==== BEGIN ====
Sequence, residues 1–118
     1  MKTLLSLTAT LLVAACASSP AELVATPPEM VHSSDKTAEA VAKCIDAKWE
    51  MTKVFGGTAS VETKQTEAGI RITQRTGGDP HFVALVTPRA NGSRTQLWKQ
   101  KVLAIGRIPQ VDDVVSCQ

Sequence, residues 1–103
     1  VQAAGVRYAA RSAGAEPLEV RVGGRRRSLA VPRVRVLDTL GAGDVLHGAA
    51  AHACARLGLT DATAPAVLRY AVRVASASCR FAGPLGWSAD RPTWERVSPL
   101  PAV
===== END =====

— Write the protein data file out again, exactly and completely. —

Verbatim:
Sequence, residues 1–118
     1  MKTLLSLTAT LLVAACASSP AELVATPPEM VHSSDKTAEA VAKCIDAKWE
    51  MTKVFGGTAS VETKQTEAGI RITQRTGGDP HFVALVTPRA NGSRTQLWKQ
   101  KVLAIGRIPQ VDDVVSCQ

Sequence, residues 1–103
     1  VQAAGVRYAA RSAGAEPLEV RVGGRRRSLA VPRVRVLDTL GAGDVLHGAA
    51  AHACARLGLT DATAPAVLRY AVRVASASCR FAGPLGWSAD RPTWERVSPL
   101  PAV